Preliminary Findings in California Title IV-E Waiver Evaluation

Preliminary Findings in California Title IV-E Waiver Evaluation

June 4, 2019 | Elizabeth Harris


Every time I start a new evaluation project, I feel a mix of excitement and a touch of trepidation: excitement because the idea of finding a solution to an entrenched problem in child welfare is so tantalizing, and trepidation because I know too many well-intentioned, logical social interventions do not foster social change. That worry has been particularly pronounced in my two years as the principal investigator of the Title IV-E Waiver Demonstration California Well-Being Project because so much is at stake.

In those two years, I’ve heard about the countless strategies that waiver counties and providers have used to improve their daily practice now that they have flexible funding available. It is hard to imagine a more wide-scale, broad attempt to keep children out of foster care without sacrificing safety. I’ve also heard about barriers that make social change elusive in the California child welfare system. 

We are finally at the point in the Title IV-E Waiver Project where we can see the effect of the intervention on outcomes, and my trepidation is turning to cautious elation. We recently prepared a dictionary-sized report about our latest findings, which I will not try to replicate here but is available on the NCCD website here. One finding, however, stands out to me: In some counties, the waiver marked a significant change in the frequency with which children are removed from families. This means that for every child who is investigated in these counties, a decreasing percentage of children are being removed from their parents and placed in foster care or group homes. This is exactly what the Title IV-E Waiver is designed to do: Eliminate unnecessary family dissolution by making funding available to support services to families who retain custody of their children, instead of tying funding to foster care.

As examples of this change, consider Sacramento and San Diego counties.

In Sacramento County, the pattern of out-of-home placements within 30 days pre- and post-waiver is quite striking and suggests that the rates of these removals became progressively worse (higher) until the waiver was enacted; after the waiver, they became progressively better. While it is premature to interpret this model because additional evaluation is needed, it is noteworthy that the data suggest the waiver had a highly statistically significant effect on keeping children in their homes with their families.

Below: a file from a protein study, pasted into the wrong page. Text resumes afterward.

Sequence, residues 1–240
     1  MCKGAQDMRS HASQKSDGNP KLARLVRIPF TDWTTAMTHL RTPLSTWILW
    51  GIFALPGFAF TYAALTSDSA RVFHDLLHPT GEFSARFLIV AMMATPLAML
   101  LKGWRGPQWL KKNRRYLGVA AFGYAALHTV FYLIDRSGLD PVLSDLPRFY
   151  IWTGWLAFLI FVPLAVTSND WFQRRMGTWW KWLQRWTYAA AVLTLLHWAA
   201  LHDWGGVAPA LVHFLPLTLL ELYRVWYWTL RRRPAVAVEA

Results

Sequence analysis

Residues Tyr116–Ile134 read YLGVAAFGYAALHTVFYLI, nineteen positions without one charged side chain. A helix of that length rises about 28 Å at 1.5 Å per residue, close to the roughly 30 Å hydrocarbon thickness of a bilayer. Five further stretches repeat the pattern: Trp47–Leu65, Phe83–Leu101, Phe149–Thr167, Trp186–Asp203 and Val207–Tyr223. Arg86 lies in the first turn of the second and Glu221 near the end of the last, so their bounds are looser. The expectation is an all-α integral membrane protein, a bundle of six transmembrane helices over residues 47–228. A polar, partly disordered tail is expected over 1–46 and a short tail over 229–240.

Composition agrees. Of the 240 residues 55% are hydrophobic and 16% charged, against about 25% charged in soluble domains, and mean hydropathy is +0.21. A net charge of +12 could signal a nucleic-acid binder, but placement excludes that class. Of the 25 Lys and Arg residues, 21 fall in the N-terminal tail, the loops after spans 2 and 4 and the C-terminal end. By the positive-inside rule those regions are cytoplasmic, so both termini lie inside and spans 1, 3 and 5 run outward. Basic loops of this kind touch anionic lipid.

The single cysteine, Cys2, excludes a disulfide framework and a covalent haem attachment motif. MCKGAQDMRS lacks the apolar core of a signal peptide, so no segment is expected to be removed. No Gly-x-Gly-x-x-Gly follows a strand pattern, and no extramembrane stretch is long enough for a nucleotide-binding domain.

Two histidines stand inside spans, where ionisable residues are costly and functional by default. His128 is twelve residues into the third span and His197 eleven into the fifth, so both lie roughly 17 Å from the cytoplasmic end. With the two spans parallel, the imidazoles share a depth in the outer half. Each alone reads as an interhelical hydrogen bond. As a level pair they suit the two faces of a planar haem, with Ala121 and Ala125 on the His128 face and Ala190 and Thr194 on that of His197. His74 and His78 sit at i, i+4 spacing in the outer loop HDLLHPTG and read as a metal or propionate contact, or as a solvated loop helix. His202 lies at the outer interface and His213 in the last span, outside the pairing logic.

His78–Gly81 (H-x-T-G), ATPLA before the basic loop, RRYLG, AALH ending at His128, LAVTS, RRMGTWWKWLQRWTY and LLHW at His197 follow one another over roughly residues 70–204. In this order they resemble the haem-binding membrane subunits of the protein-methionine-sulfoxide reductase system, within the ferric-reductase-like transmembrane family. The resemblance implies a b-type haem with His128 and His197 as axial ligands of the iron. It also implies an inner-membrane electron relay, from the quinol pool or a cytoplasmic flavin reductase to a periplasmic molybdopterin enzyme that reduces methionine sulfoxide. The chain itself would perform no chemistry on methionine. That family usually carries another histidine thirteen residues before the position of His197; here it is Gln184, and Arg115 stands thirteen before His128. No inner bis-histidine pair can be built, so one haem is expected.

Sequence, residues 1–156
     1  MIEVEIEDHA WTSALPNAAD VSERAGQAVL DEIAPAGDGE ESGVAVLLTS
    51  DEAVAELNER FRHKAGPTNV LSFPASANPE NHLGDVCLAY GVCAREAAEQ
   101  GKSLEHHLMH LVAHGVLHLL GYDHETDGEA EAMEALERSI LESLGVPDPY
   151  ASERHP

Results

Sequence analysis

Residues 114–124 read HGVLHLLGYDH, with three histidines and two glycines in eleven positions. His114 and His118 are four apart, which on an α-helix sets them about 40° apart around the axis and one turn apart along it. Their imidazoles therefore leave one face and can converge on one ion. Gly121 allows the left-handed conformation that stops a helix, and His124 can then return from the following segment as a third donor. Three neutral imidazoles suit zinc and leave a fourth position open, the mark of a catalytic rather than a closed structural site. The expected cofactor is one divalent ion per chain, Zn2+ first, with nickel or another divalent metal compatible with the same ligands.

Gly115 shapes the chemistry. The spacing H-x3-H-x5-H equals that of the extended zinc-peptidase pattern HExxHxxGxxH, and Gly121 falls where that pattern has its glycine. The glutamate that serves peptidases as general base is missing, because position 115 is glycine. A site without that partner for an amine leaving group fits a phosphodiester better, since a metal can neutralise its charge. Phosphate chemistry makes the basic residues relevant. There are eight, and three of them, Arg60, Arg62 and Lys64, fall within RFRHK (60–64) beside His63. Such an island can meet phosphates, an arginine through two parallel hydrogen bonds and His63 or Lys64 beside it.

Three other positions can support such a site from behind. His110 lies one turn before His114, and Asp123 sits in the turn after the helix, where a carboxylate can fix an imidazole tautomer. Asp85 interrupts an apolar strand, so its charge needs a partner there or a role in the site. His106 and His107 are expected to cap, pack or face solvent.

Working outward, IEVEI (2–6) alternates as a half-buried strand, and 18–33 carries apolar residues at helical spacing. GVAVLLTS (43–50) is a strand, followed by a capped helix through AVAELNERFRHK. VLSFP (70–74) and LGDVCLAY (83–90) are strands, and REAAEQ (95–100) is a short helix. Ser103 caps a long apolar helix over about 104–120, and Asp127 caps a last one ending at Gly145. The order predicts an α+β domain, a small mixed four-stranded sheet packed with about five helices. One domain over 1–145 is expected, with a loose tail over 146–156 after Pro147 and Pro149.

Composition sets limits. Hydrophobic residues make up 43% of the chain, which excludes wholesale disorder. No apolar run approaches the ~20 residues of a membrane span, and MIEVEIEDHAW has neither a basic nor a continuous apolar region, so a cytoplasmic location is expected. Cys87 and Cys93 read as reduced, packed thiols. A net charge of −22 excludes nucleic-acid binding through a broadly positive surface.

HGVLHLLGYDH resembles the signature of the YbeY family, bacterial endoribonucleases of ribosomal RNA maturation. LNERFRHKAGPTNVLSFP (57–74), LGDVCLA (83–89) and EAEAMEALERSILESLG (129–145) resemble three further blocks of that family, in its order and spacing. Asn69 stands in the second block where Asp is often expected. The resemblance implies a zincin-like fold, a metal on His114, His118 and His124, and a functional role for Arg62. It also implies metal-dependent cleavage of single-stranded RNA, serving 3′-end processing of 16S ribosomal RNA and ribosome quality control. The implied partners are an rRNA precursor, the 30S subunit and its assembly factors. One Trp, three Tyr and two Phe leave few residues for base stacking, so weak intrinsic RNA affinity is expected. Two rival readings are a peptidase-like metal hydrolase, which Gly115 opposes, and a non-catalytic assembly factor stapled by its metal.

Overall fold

San Diego County also showed marked improvement in keeping families together. As in Sacramento County, further testing and evaluation are needed; however, the pattern of out-of-home placements within 30 days before and after the waiver shows a clear, noteworthy effect. Furthermore, statistical tests show the change in the trajectory is highly significant, with rates of removal decreasing each month under the waiver. Better still, the likelihood of children experiencing a new substantiation improved, meaning fewer removals without sacrificing safety.

While our report includes research on seven counties, each county is measured against its own baseline. However, unmistakable differences between the seven counties exist. Critical differences in county policies affect these outcomes. Some counties had a long history of improvement, which the waiver augmented or stabilized. Others experienced declining outcomes until the waiver period. It is remarkable to see a county like Sacramento, where the waiver marked a distinctive turning point from decline to improvement, and a county like San Diego, where the waiver enhanced an existing trend toward improvement. Unfortunately, in some other counties, the waiver did not have a significant positive effect. These are quite different patterns and suggest different experiences under the waiver. This also suggests that the effect of the waiver is not monolithic but can, in the right context, cause improvements.

California and national leaders should take note of these results. The fact of the matter is that far too few interventions lead to meaningful improvements in child welfare outcomes. So it’s big news that a fiscal intervention has allowed some California counties to reduce the number of children in foster care while maintaining child safety. Some work is still needed in California’s child welfare system, but there is room for excitement and hope for building a better system.